Almost every conversation our team has with business leaders touches on todayâ€™s pace of change. That pace often prompts employers to make quick decisions, but the problem is those are not always made with the right data on hand.
For example, youâ€™re looking for ways to educate your workforce and provide them with the information they need to excel. But youâ€™re using last yearâ€™s employee feedback survey as the basis. How do you know those insights are even relevant today?
Additionally, we have inherent psychological biases that affect our decisions. These biases can influence us to make flawed decisions based on extraneous factors like when we heard about the issue versus the actual importance of it. To counter these issues appropriately, organizations need to be more intentional about listening for problems and acting on them.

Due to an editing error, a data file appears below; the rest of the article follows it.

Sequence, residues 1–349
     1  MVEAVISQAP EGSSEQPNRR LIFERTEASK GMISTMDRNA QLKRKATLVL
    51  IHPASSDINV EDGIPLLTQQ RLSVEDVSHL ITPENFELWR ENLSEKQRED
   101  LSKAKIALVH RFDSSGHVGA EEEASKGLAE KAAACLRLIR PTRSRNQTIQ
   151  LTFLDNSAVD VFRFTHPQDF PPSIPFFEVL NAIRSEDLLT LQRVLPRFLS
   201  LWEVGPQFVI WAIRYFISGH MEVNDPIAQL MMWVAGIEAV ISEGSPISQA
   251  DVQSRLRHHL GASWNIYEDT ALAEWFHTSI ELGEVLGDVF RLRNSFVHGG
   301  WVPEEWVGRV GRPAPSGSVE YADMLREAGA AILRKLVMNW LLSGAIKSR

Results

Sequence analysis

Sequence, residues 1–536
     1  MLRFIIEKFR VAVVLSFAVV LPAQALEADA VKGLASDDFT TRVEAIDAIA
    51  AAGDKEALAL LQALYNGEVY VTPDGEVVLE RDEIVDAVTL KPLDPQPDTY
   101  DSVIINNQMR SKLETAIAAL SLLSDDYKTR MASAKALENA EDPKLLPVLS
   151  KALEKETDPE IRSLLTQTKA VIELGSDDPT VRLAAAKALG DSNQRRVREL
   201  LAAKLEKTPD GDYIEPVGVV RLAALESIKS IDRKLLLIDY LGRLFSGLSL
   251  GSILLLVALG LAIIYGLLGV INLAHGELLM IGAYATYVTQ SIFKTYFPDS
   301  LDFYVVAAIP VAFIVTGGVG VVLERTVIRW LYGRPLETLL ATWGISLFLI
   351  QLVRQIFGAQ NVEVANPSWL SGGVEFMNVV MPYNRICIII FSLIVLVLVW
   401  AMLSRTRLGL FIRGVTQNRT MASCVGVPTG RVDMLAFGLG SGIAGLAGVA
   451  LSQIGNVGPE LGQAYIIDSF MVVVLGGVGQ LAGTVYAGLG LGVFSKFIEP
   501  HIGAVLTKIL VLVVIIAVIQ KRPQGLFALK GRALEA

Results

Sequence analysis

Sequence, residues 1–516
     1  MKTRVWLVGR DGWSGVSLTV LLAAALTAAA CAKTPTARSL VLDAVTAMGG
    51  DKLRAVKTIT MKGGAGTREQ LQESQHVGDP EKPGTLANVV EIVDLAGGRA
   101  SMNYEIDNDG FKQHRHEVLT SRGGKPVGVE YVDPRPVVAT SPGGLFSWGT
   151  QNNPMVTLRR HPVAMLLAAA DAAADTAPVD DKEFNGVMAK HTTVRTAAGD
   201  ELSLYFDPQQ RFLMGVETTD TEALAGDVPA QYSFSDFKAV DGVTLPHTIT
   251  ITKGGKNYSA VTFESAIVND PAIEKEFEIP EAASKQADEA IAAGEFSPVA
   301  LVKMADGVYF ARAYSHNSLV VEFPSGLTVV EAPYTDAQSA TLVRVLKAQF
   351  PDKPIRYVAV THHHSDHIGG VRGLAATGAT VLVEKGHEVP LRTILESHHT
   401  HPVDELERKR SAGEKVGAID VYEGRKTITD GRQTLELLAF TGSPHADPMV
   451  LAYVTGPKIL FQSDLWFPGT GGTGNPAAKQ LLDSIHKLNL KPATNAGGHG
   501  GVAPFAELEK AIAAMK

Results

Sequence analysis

THE POWER OF LISTENING + ACTION
“We have two ears and one mouth so that we can listen twice as much as we speak.”
TheÂ engagement problem in the workplaceÂ is one that HR and business leaders know all too well. A significant majority of workers are marginally engaged, if at all, and only a small minority are highly engaged in their work. Itâ€™s the workplace equivalent of trying to row a boat by yourself with most of the other rowers either sitting idly or actively paddling against you.